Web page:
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Why are DIY mice so rare? - Page 3

post #21 of 61
Quote:
Originally Posted by TranquilTempest View Post

Assuming you need test equipment, you don't need CNC or even xy. you can get away with a decent 1 axis linear encoder, and your preferred way to precisely rotate the sensor between runs. Then you correlate the encoder output with the mouse sensor output at each angle, using fast and slow movements.

If you want to do it really cheaply, tear apart an old inkjet printer for parts.

As for optics, you mainly need to know if you're in focus or not, there's a way to output an image from at least some mouse sensors that can be used for that purpose. Or you can just follow the datasheet.

Get away with...

Yea.. if we're gonna be compromising.. why bother making it ourselves at all ? It won't be remotely as good as Logitech..
post #22 of 61
yea it would be better biggrin.gif
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post #23 of 61
Quote:
Originally Posted by tp4tissue View Post

Get away with...

Yea.. if we're gonna be compromising.. why bother making it ourselves at all ? It won't be remotely as good as Logitech..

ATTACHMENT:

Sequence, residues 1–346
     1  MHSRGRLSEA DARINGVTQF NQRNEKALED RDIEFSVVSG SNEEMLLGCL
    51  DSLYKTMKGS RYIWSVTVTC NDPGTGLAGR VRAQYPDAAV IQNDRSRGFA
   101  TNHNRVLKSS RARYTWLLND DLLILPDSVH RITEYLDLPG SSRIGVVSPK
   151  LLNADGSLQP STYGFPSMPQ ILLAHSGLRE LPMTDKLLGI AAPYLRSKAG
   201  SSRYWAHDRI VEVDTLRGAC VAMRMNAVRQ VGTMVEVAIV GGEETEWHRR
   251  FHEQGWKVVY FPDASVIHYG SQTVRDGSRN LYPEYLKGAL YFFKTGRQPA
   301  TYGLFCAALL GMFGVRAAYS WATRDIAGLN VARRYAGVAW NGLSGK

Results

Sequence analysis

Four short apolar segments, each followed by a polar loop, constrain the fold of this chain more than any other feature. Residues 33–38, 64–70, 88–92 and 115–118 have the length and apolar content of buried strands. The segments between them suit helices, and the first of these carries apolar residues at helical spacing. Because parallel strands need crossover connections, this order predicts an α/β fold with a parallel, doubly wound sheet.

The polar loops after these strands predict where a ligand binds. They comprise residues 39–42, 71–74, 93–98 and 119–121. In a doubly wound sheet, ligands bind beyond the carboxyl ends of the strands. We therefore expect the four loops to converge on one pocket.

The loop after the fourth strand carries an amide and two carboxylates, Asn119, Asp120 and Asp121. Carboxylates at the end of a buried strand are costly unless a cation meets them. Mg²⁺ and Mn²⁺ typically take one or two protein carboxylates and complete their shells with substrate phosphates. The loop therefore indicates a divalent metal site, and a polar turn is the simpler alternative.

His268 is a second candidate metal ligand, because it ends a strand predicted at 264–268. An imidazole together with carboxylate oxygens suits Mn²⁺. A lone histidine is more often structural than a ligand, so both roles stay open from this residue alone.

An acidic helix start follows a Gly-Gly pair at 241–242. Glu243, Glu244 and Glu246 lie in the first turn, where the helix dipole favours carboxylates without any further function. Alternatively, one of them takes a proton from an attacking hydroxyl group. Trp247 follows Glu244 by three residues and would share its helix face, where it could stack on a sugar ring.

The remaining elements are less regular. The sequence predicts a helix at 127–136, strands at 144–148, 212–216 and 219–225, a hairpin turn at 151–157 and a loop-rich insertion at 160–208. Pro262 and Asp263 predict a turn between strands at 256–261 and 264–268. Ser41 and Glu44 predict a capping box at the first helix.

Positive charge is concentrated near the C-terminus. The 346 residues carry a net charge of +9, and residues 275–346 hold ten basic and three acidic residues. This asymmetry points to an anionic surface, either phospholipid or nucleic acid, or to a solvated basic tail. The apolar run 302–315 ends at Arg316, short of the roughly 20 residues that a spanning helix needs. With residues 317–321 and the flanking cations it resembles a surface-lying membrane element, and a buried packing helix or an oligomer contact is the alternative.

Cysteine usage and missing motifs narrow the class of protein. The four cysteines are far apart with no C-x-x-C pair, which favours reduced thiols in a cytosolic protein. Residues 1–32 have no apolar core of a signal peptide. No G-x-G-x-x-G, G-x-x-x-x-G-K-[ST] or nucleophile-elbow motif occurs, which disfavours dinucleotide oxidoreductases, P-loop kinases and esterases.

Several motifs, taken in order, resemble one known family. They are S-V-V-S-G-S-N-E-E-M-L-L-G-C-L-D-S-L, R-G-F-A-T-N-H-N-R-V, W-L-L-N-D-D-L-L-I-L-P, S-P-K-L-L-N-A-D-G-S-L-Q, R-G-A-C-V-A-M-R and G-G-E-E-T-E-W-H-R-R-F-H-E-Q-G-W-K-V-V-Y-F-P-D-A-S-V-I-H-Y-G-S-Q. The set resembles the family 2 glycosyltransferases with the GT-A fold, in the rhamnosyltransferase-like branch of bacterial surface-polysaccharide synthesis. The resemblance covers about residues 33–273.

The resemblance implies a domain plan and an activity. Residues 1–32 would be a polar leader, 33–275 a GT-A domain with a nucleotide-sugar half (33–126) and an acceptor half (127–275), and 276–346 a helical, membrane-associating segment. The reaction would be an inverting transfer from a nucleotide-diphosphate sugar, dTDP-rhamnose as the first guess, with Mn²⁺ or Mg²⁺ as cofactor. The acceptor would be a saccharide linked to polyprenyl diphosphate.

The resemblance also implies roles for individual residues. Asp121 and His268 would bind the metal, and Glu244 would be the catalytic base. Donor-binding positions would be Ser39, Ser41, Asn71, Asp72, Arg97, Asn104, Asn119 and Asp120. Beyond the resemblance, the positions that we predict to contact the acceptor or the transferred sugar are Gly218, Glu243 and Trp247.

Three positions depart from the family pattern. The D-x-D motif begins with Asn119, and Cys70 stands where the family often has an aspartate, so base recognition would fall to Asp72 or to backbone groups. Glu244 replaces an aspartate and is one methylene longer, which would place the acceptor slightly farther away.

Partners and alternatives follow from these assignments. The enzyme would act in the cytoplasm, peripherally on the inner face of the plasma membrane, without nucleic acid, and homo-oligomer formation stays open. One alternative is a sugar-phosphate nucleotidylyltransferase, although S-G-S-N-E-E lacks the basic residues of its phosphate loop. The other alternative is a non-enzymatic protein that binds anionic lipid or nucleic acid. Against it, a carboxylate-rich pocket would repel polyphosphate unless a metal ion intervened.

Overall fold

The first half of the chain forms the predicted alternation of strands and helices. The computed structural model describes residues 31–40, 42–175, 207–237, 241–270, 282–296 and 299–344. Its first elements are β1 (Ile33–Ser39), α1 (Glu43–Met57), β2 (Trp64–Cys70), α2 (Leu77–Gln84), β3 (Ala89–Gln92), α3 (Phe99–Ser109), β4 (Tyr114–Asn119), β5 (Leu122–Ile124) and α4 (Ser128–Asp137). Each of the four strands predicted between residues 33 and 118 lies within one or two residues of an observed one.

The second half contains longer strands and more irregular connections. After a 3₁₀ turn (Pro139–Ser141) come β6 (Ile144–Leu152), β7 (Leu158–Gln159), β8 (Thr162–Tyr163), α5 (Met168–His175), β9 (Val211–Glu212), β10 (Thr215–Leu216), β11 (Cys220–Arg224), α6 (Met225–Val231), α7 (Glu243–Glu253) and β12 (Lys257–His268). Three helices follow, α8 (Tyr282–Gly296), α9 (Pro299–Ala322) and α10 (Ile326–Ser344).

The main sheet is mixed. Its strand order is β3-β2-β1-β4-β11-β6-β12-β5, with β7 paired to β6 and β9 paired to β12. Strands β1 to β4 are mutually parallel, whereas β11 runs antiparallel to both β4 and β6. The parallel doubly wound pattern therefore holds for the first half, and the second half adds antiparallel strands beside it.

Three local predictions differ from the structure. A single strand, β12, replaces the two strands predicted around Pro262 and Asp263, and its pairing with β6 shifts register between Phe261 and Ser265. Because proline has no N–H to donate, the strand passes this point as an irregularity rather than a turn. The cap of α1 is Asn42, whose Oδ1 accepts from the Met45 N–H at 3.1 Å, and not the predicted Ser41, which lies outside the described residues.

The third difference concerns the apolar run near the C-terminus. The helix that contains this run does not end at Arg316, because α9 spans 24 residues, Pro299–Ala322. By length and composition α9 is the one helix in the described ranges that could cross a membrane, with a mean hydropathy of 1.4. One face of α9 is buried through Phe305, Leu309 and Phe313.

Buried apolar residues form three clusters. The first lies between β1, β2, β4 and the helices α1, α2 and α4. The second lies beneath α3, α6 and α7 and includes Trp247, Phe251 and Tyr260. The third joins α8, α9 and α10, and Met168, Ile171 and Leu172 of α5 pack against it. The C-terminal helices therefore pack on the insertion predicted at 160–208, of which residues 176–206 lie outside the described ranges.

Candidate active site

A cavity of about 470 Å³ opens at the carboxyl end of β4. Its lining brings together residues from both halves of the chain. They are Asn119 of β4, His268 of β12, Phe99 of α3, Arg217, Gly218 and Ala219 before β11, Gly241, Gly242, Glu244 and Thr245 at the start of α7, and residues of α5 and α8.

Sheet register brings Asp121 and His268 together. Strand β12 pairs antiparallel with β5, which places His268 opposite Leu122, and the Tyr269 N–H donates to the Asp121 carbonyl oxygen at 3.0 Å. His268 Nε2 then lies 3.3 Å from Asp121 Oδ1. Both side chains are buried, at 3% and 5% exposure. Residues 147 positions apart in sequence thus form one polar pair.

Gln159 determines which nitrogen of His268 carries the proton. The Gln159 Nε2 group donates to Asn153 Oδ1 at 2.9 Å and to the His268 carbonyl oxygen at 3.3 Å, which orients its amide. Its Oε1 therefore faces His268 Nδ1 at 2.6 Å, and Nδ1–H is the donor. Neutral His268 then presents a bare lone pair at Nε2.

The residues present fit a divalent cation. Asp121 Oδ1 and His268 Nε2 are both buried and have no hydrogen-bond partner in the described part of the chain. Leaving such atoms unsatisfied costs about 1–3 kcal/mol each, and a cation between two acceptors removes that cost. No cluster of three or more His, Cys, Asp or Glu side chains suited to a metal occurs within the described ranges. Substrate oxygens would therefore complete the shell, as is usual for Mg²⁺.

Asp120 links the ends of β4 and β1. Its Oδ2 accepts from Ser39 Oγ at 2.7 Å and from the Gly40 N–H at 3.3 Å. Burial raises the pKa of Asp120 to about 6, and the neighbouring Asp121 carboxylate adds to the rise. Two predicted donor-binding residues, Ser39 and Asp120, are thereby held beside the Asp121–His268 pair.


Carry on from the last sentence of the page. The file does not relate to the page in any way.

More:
The compromise in the test method I suggested isn't in precision or accuracy, it's in how long it takes to thoroughly test the mouse. In fact, I wouldn't be surprised if it produced better data than whatever logitech uses. Just looked at a datasheet for a somewhat cheap linear encoder, specified accuracy is 15 micron over 1 meter. As in, a 2000 DPI mouse would have to be accurate to 1 count over 1 meter to need better test equipment. That leaves angle. If you want to be super accurate you can use a sine bar or dividing head, but you can get good results with a square, a straight edge, and a calculator, if you spend some time.
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post #24 of 61
there's no point to the sort of testing you're envisioning, because pixart already made the sensors, and as long as you design everything else in a sane fashion, there is no extra performance that can be squeezed out which would require this sort of testing. and if even if there is, doing something like https://www.youtube.com/watch?v=yBL2qsxwDyA is sufficient

well with older sensors, LED/lens alignment might matter but with 3360, the illumination is integrated and there's not much that can go wrong with lens alignment.
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post #25 of 61
Oh btw, there is also a very interesting material called polycaprolacton (PCL). It's a thermoplastic with melting temperature around 65C. It's widely used in hobby stuff, can also be used to model a shell.
post #26 of 61
Keyboards are relatively standard. You get a PCB, you get a plate if you want one, the switches are all the same size. Cases and things are relatively easy to make. Mice on the other hand aren't..I couldnt even tell you where people get OEM shells. It would probably be hard to custom make a shell, and expensive. Mice are so many different sizes. Then you have to get a sensor, then a PCB for the sensor and one that fits in whatever shell you end up with.